The VRSP is a retirement savings plan that helps employees save for their retirement through a salary deduction.

Many employers will be required to offer employees a VRSP. However, employees are not required to participate in a VRSP offered by their employer.

Here is what you should know about VRSPs.

Features of the VRSP


VRSP

What amount will be paid upon retirement?

Based on accumulated amounts

Are there income tax savings associated with making contributions?

Yes. The contributions are deductible from your taxable income. Therefore, you don’t pay income tax on the money deposited in a VRSP.

Will you have to pay income tax on your employer’s contributions?

No

What percentage of your salary will be contributed to the VRSP?

A default percentage is suggested by the employer.

The employee can opt to change this percentage. He can also decide not to contribute.

What is the annual maximum contribution limit?

18% of annual income

  • $25,370 in 2016

    $26,010 in 2017

This maximum will be reduced by other contributions, for example:

  • contributions that your employer makes to your VRSP or your RRSP

  • contributions that you make to your RRSP.

 

What is the maximum age for making contributions?

On December 31 of the year in which you turn 71

Can you choose your investments?

No. However, you can choose from among various investment options (for example, low-risk investments or investments with more potential and higher risk).

Is the investment income taxable?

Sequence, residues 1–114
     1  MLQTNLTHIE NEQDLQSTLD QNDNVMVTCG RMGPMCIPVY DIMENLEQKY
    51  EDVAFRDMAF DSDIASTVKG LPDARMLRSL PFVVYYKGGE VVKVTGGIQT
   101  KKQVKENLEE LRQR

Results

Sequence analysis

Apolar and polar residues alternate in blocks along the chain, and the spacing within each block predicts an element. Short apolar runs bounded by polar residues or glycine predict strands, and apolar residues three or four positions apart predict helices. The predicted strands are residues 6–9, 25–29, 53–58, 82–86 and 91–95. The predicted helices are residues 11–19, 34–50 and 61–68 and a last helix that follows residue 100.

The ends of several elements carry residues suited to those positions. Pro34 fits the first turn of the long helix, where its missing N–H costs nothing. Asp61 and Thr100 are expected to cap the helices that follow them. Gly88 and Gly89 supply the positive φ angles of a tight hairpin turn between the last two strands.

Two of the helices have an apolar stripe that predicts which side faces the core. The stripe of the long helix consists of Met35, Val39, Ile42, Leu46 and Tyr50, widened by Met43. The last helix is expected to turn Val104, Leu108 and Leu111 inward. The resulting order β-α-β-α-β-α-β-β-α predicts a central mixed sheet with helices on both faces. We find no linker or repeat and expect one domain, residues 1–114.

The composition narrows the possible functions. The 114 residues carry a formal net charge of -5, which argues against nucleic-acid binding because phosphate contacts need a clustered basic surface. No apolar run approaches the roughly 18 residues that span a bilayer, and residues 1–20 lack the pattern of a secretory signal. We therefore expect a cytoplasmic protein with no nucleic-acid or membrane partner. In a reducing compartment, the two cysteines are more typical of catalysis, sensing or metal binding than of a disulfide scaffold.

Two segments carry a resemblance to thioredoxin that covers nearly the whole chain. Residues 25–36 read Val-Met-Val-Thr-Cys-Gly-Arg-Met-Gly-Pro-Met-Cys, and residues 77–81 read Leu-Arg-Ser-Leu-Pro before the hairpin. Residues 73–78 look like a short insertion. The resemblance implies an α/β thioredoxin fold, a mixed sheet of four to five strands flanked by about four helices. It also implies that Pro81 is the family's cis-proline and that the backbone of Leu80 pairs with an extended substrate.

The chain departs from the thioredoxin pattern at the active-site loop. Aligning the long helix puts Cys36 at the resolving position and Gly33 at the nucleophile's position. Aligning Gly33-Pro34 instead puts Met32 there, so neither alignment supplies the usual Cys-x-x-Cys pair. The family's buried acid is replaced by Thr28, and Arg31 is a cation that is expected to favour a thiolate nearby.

No. However, when you withdraw amounts from the plan, you’ll have to add them to your taxable income.

Are withdrawals taxable?

Yes

Who can be a member of a VRSP?

There are two possible situations.

  1. Your employer offers you a VRSP.
    • If you’re 18 years of age or older, and you’ve worked for this employer for at least one year, you’re automatically enrolled.
    • However, you aren’t required to contribute.
  2. Your employer doesn’t offer you a VRSP, or you don’t have an employer.
    • You’re not automatically enrolled in a VRSP.
    • However, you may want to enrol in a VRSP. In this case, you’ll need to contact an authorized administrator
    • Remember, many employers will be required to offer a VRSP to employees who:
      • are 18 years of age or older
      • and have worked for this employer for at least one year

How does it affect income tax?

A VRSP is similar to an RRSP as far as income tax.

  • The contributions are deductible from your taxable income.
  • If your employer also makes contributions to your VRSP, you won’t pay any income tax on this money.
  • The investment income generated by the funds in a VRSP accumulates tax-free. In the long term, that’s a major advantage.
  • However, when you withdraw funds from your VRSP, the withdrawals are added to your taxable income. You may therefore pay income tax on the withdrawals.
Insight

How much should you contribute to your VRSP?

The answer depends on your personal situation. How much do you have in savings? What standard of living do you want during retirement? In how many years do you plan to stop working?